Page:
Using Windows 10? Microsoft Is Watching

Windows 10
A display for the Windows 10 operating system is seen at the Microsoft store at Roosevelt Field in Garden City, New York on July 29. Shannon Stapleton/Reuters

More than 14 million devices are already running Microsoft’s Windows 10 after its global launch on Wednesday, but it’s unclear how many of their users read the company’s Privacy Policy and Service Agreement before downloading. Tucked away in the 45 pages’ worth of terms and conditions (effective August 1) is a substantial power grab: The company is collecting data on much of what you do while using its new software.

From the moment an account is created, Microsoft begins watching. The company saves customers’ basic information—name, contact details, passwords, demographic data and credit card specifics —but it also digs a bit deeper.

Other information Microsoft saves includes Bing search queries and conversations with the new digital personal assistant Cortana; contents of private communications such as email; websites and apps visited (including features accessed and length of time used); and contents of private folders. Furthermore, “your typed and handwritten words are collected,” the Privacy Statement says, which many online observers liken to a keylogger. Microsoft says they collect the information “to provide you a personalized user dictionary, help you type and write on your device with better character recognition, and provide you with text suggestions as you type or write.”

All this information doesn’t necessarily remain with just Microsoft. The company says it uses the data collected for three purposes: to provide and improve its services; to send customers personalized promotions; and to display targeted advertising, which sometimes requires the information be shared with third parties. Microsoft mentions that though it assigns each customer a unique advertising ID, which is fed data during computer usage, it “does not use what you say in email, chat, video calls or voice mail, or your documents, photos or other personal files to target ads to you.” It makes no such promise for its other stated data collection purposes.

Though possibly surprising to some, the company’s data collection practices fit within the industry’s new normal. Google’s Privacy Terms, for instance, show that the tech giant is also analyzing the content of users’ emails to provide a better, more personalized product, it claims. And as The Guardian points out, “Both Siri and Google Now require access to the user’s personal information to personalise responses, while both Apple and Google offer developers the ability to deliver personalised ads to users based on information such as app installs.”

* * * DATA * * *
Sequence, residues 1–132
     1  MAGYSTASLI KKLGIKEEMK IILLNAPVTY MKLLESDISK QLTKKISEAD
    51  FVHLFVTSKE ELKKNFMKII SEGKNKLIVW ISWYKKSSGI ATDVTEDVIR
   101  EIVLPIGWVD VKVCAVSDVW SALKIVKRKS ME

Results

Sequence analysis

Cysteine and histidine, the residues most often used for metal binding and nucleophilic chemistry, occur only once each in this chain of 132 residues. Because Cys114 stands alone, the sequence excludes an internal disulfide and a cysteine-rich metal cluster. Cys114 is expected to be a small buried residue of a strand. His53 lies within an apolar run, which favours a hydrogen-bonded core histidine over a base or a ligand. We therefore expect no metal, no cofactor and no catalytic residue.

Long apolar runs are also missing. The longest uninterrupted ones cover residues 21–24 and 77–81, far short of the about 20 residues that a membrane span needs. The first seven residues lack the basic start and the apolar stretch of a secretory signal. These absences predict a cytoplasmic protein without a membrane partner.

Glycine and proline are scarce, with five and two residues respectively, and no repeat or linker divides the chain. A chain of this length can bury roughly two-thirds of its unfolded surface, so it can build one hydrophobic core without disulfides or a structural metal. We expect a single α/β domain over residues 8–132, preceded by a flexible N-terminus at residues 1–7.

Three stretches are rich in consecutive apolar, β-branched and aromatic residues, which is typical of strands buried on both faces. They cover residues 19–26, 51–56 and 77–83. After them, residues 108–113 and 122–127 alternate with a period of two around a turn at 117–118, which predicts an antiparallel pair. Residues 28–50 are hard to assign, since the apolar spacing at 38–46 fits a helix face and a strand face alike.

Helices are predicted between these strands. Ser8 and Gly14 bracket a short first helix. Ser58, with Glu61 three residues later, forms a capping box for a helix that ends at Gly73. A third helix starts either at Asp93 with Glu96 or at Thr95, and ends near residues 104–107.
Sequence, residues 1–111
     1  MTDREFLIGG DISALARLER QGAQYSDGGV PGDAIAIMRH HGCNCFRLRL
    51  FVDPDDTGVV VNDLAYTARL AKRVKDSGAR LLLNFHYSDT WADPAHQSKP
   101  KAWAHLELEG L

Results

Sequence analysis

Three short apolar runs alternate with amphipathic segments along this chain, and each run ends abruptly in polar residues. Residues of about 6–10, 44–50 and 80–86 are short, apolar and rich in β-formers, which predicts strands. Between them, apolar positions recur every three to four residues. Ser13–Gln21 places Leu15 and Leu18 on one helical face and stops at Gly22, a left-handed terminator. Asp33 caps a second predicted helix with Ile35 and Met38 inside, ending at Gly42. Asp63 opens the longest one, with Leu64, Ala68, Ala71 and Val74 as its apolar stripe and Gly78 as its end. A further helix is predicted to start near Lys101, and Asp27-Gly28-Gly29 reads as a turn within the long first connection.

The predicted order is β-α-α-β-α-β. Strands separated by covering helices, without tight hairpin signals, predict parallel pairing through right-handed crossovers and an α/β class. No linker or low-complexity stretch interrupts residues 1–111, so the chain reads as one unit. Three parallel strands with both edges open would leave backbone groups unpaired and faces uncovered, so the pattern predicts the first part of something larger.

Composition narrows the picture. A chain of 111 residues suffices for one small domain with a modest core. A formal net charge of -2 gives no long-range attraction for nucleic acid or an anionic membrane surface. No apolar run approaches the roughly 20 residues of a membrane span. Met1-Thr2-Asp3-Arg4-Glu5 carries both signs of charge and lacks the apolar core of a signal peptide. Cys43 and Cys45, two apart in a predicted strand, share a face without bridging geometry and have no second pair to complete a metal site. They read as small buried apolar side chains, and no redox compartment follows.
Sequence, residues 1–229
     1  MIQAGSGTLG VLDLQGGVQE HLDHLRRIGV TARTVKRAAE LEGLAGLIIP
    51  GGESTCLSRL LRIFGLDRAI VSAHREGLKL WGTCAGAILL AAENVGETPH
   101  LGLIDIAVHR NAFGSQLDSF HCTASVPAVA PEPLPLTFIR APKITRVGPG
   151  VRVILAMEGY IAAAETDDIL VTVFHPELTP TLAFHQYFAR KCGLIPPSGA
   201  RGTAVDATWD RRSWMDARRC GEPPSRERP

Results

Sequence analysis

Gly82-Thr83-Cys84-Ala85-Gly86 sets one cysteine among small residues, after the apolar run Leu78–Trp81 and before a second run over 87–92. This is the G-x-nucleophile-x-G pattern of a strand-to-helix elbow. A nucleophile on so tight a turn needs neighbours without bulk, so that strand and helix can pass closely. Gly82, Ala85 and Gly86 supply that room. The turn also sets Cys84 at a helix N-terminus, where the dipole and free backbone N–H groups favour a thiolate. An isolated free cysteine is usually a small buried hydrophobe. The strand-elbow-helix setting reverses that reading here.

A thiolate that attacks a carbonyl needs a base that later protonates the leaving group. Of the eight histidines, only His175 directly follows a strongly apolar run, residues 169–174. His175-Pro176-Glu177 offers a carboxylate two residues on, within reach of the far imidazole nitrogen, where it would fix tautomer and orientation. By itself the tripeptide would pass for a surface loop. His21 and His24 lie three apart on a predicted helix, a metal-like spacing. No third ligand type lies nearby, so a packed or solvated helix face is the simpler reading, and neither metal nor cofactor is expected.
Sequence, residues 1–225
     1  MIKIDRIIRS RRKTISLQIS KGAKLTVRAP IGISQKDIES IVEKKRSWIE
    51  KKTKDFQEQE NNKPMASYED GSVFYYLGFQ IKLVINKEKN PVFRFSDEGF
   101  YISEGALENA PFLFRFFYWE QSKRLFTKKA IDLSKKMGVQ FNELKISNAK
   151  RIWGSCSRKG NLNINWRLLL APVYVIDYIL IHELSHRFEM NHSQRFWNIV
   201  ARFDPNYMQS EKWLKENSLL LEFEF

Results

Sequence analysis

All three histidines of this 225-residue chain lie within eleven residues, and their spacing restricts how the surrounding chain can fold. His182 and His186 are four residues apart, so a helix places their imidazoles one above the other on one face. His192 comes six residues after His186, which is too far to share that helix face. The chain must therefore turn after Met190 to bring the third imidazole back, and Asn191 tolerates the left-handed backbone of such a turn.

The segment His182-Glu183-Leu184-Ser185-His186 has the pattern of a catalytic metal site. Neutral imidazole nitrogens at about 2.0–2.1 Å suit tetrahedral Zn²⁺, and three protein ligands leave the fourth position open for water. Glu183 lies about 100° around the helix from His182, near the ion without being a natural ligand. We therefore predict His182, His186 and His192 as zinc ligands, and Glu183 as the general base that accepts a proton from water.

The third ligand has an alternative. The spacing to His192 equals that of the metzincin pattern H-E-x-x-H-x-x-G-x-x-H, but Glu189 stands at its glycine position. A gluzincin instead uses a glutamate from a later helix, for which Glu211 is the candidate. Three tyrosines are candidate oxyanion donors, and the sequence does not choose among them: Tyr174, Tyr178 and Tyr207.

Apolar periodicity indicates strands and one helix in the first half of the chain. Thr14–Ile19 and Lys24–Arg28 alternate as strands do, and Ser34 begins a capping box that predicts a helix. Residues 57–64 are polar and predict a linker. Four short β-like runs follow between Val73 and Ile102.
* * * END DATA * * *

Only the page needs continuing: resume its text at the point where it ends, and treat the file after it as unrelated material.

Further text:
Also like its competitors, Microsoft says it will disclose content of private communications or files in saved documents to “respond to valid legal process.” In the company’s latest bi-annual transparency report released in late March, it says that of the 31,002 government requests for information received between June and December 2014, it disclosed content of personal communications in 3.36 percent of cases and non-content data in 73.17 percent.

While users are given the choice to opt out of Microsoft’s various data collections, critics claim this isn’t enough. “[T]he Windows 10 upgrade experience...strips users of their choice by effectively overriding existing user preferences,” claims Chris Beard, CEO of the Mozilla Corporation, a Microsoft competitor. “It now takes more than twice the number of mouse clicks, scrolling through content and some technical sophistication for people to reassert the choices they had previously made in earlier versions of Windows.”

Microsoft didn’t respond to requests for comment about specifics of the privacy terms, but in a blog post introducing them, Microsoft’s deputy general counsel, Horacio Gutierrez, calls the Privacy Statement a “straightforward resource for understanding Microsoft’s commitments for protecting individual privacy.” Alex Meer of the gaming website Rock Paper Shotgun countered, “There is no world in which 45 pages of policy documents and opt-out settings split across 13 different Settings screens and an external website constitutes ‘real transparency’.”

Microsoft may not share customers’ every digital move with a third party, but some worry hackers could steal the wealth of very personal information for their own purposes. Microsoft’s response to such concerns: “Microsoft is committed to protecting the security of your personal data...we store the personal data you provide on computer systems that have limited access and are in controlled facilities. When we transmit highly confidential data (such as a credit card number or password) over the Internet, we protect it through the use of encryption.”

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